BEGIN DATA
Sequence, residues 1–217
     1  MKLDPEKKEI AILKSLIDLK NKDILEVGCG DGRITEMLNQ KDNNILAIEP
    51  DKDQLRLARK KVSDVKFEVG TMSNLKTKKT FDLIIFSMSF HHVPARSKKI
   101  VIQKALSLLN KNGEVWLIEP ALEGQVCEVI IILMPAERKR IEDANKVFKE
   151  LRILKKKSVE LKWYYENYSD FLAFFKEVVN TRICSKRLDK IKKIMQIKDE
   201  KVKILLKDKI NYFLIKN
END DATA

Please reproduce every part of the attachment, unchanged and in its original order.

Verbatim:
Sequence, residues 1–217
     1  MKLDPEKKEI AILKSLIDLK NKDILEVGCG DGRITEMLNQ KDNNILAIEP
    51  DKDQLRLARK KVSDVKFEVG TMSNLKTKKT FDLIIFSMSF HHVPARSKKI
   101  VIQKALSLLN KNGEVWLIEP ALEGQVCEVI IILMPAERKR IEDANKVFKE
   151  LRILKKKSVE LKWYYENYSD FLAFFKEVVN TRICSKRLDK IKKIMQIKDE
   201  KVKILLKDKI NYFLIKN